Every adolescent faces countless changes and shifts throughout their teenage years, making anxiety management a main priority to obtain healthy day-to-day functioning. For most teens, anxiety acts as a gentle prod, pushing them forward through life in a productive way. But for some, anxiety can take over, becoming a chronic burden that stifles their academic success and beats down their emotional and physical health.
Here are a handful of signs your teen may need help managing their anxiety:
- Excessive worrying and fearful behavior
- Tends to withdraw in social settings
- Inner restlessness, nervousness or extreme stress
- Complains about muscle tension, cramps, stomachaches, headaches, limb and/or back pain, fatigue or discomforts associated with pubertal changes
Here are four proven stress reducers that can teach the modern teen how to deal with anxiety in a healthy way:
“In moments of madness, meditation has helped me find moments of serenity — and I would like to think that would help provide people a quiet haven in a not-so-quiet world,” says Sir Paul McCartney.
Indeed, with endorsements like these, as well as easy-to-use guided apps like Headspace, Mediation and mindfulness have hit the mainstream. And it’s no surprise, as anyone can practice meditation in hopes of reducing stress—even adolescents and young adults.
Mediation in a nutshell is the deliberate act of regulating attention through observation of oncoming emotions and thoughts. There are many different ways to practice, but they basically all follow these steps:
- Direct focus to an attention anchor (breath, external object, person whom we love)
- Observing and acknowledging internal and external distractions
- Letting distractions go to return back to attention anchor of choice
Meditation aligns with the 21st century notion of schooling in the U.S., which “views learning as a holistic process that seeks to educate students academically, emotionally, socially, ethically and spiritually.”
>>>Interested in learning more about mindfulness? PQ Therapist Tom Jameson, MS, NCC, has more tips for quieting the chaos.
Gardening, specifically horticultural therapy, is a stress reducer that works for all ages. When teens are placed in caregiving roles, they are empowered to create an environment and attitude that is both growth-focused and life-affirming.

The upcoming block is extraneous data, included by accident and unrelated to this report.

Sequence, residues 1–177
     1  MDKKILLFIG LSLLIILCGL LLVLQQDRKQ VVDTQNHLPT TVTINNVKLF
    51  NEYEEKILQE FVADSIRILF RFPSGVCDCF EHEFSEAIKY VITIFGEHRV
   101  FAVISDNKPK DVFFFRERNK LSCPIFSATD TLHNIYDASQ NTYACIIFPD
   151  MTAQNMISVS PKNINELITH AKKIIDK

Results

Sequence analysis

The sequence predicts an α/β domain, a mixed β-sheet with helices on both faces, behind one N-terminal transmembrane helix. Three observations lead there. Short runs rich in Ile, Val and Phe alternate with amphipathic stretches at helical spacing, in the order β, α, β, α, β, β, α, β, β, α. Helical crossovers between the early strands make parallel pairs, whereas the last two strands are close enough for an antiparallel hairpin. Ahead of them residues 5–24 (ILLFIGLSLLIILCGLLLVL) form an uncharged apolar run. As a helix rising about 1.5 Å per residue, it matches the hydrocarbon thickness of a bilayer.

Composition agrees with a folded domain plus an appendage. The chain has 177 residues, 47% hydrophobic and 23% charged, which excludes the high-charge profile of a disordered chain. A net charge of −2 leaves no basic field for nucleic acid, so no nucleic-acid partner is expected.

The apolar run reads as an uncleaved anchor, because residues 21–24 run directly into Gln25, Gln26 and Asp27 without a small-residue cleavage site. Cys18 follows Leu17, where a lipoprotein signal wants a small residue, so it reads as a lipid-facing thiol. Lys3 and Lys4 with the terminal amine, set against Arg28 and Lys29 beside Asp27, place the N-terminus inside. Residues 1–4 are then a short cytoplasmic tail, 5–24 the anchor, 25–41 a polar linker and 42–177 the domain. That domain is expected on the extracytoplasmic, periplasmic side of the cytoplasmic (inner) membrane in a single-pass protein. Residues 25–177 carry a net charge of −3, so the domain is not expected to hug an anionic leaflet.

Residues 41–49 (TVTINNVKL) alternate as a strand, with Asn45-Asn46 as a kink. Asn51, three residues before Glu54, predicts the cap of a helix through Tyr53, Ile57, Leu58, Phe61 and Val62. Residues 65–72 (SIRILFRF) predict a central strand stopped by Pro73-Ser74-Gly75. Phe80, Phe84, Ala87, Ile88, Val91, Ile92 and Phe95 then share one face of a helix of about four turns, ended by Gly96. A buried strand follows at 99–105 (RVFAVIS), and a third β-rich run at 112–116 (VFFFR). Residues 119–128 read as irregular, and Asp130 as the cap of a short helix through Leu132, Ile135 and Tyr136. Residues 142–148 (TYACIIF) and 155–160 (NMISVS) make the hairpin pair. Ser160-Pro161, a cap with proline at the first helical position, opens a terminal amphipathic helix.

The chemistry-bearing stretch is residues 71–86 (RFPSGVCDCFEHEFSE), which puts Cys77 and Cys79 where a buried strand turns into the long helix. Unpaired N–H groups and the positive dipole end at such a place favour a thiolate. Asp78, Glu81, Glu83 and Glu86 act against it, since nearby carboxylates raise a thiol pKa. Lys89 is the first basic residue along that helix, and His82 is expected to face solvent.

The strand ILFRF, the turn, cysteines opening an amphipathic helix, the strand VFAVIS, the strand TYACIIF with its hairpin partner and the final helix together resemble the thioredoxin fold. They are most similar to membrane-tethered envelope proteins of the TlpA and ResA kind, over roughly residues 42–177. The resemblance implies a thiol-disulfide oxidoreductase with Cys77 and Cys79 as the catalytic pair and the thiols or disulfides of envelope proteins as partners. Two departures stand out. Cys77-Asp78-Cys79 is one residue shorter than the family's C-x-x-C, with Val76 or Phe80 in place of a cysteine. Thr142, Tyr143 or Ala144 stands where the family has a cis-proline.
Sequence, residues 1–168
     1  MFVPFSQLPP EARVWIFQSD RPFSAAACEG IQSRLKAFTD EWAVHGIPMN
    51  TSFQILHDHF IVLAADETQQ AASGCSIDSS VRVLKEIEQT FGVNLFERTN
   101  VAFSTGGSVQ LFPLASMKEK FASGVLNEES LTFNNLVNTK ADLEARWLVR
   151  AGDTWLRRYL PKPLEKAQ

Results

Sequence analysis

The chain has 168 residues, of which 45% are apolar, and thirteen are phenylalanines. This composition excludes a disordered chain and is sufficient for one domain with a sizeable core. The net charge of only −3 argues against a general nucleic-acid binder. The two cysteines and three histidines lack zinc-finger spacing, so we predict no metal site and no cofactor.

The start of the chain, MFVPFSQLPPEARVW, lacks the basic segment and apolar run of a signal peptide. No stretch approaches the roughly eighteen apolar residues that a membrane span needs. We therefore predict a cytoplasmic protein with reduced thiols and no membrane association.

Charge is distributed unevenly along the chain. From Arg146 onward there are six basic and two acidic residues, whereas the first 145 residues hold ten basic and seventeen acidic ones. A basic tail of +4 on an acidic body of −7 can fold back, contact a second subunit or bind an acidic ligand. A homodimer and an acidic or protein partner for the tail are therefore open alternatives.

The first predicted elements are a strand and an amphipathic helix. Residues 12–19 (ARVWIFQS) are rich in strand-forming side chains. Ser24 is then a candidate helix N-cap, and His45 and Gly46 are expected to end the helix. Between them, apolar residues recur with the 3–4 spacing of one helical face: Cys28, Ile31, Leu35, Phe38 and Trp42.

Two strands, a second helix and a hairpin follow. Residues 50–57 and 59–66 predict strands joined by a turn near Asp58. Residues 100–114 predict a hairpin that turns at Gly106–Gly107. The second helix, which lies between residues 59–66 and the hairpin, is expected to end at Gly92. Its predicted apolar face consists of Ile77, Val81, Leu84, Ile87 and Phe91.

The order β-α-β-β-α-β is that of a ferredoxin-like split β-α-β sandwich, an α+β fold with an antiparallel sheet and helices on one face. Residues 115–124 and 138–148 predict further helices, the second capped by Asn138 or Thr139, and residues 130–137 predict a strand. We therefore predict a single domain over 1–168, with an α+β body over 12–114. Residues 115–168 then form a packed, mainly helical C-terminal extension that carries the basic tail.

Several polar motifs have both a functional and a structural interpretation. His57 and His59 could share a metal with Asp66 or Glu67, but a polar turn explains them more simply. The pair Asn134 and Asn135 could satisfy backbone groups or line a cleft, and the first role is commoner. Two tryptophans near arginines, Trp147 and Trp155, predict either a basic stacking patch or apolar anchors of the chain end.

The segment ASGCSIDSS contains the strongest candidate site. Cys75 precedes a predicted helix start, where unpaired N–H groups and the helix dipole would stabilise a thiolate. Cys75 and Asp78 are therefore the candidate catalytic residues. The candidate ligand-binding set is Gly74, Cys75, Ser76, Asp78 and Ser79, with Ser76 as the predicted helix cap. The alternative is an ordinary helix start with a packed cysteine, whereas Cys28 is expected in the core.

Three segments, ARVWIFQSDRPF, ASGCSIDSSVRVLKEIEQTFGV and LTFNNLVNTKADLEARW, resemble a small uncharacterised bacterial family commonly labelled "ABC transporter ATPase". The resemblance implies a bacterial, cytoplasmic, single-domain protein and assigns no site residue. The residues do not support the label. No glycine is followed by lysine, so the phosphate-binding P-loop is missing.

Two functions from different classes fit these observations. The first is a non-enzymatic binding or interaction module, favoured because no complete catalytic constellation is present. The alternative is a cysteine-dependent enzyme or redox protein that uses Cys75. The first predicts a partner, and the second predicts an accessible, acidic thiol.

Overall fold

Garden therapy has a rich history in improving anxiety and trauma — pharaohs were prescribed walks in lush gardens to treat mood instability in Egypt, while philosophers taught meaningful lessons in the gardens of Greece. Seeing gardening through from planting to harvesting helps young adults connect with the earth and naturally learn how to deal with anxiety.
Research published in the Journal of Developmental and Behavioral Pediatrics has found that teens who completed a 10-week yoga course, rather than 10 weeks of regular physical education, scored better on tests measuring mood problems or anxiety, and also noted fewer negative emotions.
Yoga is a great stress reliever because it can be done virtually anywhere and requires little equipment. At Pacific Quest, students practice yoga as part of their daily routine and embrace it on their path to whole-person wellness.
Encouraging your teen to communicate to you the causes of stress in their lives is a stress reducer in and of itself. Peer pressure, tests, bullying and competition are all real stressors that plague youth.
If your child does not feel comfortable enough to discuss what plagues them, they may not know how to deal with anxiety and may turn to negative ways of coping. When listening, use positive and uplifting phrases such as, “It’s nothing we can’t handle together” or “Take a deep breath and begin again.” Let your child know you are there for them and will do whatever you can to help bring back balance into his or her life.